beefdrippingBeef Dripping

Forget goose fat. Everyone knows that any kind of potato-based accompaniment tastes a million times better when it’s covered in beef dripping, even if it is sending you to an early grave. Northfield Deli in Borough Market sells great big tubs of the stuff for you to experiment with at home. Alternatively, you can head down to trendy British eatery, Albion in Shoreditch, for a ready-made portion of beef dripping chips.

Lancashire Hotpot

A hearty stew, topped with some crisp potatoes and served with a heap of red cabbage, Lancashire hotpot is a common teatime favourite. While it is available intermittently on the specials boards of certain gastropubs (and mentioned in many posh cookbooks), at present it’s proving particularly elusive. Alas, even Twitter was unable to help. However keep an eye out at your local after Christmas roast season is over and you might just be fortunate enough to get your hands on the perfect winter staple.

Words by Emma Brooke, chip picture by Chris Butchart.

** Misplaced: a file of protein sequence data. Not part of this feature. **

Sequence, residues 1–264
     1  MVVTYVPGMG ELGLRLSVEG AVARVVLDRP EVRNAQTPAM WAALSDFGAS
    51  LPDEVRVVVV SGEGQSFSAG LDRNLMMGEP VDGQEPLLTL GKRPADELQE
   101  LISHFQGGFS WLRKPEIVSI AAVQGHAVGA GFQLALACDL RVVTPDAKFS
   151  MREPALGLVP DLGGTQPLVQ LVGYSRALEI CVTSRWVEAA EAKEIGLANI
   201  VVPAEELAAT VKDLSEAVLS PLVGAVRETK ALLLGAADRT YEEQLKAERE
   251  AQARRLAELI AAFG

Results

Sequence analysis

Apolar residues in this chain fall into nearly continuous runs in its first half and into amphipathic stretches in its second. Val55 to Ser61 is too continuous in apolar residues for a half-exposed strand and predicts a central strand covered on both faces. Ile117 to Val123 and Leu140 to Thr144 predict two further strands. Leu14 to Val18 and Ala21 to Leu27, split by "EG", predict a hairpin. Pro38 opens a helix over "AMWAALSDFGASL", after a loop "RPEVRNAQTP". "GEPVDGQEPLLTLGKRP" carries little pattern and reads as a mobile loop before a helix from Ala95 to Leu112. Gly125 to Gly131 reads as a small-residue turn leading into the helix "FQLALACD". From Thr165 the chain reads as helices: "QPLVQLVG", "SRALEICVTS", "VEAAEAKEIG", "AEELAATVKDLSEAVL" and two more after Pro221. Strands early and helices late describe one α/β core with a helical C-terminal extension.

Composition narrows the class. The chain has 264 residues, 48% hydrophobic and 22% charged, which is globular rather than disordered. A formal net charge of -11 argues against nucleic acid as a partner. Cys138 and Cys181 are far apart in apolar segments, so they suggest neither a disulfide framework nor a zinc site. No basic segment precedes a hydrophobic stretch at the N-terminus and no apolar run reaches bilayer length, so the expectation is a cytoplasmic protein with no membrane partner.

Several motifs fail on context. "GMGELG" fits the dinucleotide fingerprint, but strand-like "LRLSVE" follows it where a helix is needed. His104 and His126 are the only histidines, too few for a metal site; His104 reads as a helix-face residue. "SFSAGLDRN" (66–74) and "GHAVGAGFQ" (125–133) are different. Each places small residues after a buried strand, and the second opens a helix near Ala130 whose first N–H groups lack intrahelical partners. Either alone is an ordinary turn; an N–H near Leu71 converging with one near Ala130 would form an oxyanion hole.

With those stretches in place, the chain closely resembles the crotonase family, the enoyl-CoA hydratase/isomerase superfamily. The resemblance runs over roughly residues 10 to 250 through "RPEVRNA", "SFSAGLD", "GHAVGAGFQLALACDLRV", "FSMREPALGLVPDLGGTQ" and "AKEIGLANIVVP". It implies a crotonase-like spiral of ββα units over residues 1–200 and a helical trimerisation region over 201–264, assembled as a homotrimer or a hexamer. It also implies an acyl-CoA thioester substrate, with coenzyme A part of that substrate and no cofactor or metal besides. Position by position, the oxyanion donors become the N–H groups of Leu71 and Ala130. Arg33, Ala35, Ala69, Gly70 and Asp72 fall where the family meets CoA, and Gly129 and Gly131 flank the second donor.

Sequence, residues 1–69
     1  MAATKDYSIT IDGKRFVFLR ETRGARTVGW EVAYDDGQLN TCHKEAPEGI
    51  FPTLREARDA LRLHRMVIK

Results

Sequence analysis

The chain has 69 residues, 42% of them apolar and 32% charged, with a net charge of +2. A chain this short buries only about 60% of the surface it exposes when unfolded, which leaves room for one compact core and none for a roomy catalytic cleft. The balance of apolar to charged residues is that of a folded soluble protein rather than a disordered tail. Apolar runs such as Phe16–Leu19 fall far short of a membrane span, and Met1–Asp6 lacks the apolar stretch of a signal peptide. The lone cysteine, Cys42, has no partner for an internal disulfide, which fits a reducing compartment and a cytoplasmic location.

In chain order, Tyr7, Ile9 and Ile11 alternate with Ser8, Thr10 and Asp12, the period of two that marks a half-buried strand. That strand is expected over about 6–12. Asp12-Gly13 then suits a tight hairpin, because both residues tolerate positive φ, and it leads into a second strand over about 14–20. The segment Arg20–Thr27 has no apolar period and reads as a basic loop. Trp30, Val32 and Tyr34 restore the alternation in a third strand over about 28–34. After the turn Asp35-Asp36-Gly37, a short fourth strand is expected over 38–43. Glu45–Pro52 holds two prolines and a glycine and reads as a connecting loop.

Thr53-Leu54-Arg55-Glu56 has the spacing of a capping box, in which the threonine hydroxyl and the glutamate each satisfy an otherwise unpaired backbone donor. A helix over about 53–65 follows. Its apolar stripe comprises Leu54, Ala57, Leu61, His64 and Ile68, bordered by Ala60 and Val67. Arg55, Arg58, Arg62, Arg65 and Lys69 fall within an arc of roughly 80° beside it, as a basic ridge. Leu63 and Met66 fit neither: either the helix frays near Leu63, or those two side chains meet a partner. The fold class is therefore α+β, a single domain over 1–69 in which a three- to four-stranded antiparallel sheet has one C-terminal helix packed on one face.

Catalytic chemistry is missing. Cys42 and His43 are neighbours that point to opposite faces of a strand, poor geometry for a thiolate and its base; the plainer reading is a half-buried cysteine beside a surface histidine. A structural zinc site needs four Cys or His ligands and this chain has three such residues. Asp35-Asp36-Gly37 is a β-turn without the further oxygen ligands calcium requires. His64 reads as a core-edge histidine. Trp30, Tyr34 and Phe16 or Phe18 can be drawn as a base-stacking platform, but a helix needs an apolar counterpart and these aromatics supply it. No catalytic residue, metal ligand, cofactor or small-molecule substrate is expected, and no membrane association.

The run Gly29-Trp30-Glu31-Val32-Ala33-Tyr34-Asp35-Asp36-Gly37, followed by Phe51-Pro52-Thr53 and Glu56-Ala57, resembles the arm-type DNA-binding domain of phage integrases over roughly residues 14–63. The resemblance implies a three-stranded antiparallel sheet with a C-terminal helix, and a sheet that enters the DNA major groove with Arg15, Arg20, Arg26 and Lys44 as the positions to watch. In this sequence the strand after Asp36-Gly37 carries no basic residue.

This article is part of our Best of London Food and Drink series. Visit the page for more recommendations of where to enjoy the capital's top food and drink, categorised by cuisine, food type and more.

Last Updated 08 November 2016

Mark Rowland

As an expat Yorkshire lad of 30-odd years in London I have to give a mention to the Golden Hind chippy on Marylebone Lane. A good few years since I've been there, but when I was last there they still fried their Fish n Chips t' proper northern way - in beef dripping. Nothing beats the smell and taste and it's probably the one thing I miss the most from my Northern roots.

Dave Greenwood

The St. John Eccles cakes can also be had from their Druid Street bakery (just round the corner from Maltby Street) on Saturday mornings.
Is anyone in London making artisan Chorley cakes, does anybody know?


fish and chips is delicious and the cakes, but the others make me feel ill...

Rob Smith